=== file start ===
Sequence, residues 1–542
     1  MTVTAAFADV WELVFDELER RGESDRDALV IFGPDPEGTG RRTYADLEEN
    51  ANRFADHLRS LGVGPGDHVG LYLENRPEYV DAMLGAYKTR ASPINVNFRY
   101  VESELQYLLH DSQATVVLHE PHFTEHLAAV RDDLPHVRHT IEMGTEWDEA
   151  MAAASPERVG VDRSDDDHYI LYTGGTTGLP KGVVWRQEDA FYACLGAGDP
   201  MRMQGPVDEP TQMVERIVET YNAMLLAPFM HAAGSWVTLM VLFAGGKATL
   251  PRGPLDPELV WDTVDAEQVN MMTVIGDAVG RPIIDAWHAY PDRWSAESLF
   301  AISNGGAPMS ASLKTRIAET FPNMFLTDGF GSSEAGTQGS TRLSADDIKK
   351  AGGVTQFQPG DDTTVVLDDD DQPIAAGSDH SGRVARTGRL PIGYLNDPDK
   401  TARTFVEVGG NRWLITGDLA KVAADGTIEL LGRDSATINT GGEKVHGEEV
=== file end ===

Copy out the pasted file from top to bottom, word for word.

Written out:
Sequence, residues 1–542
     1  MTVTAAFADV WELVFDELER RGESDRDALV IFGPDPEGTG RRTYADLEEN
    51  ANRFADHLRS LGVGPGDHVG LYLENRPEYV DAMLGAYKTR ASPINVNFRY
   101  VESELQYLLH DSQATVVLHE PHFTEHLAAV RDDLPHVRHT IEMGTEWDEA
   151  MAAASPERVG VDRSDDDHYI LYTGGTTGLP KGVVWRQEDA FYACLGAGDP
   201  MRMQGPVDEP TQMVERIVET YNAMLLAPFM HAAGSWVTLM VLFAGGKATL
   251  PRGPLDPELV WDTVDAEQVN MMTVIGDAVG RPIIDAWHAY PDRWSAESLF
   301  AISNGGAPMS ASLKTRIAET FPNMFLTDGF GSSEAGTQGS TRLSADDIKK
   351  AGGVTQFQPG DDTTVVLDDD DQPIAAGSDH SGRVARTGRL PIGYLNDPDK
   401  TARTFVEVGG NRWLITGDLA KVAADGTIEL LGRDSATINT GGEKVHGEEV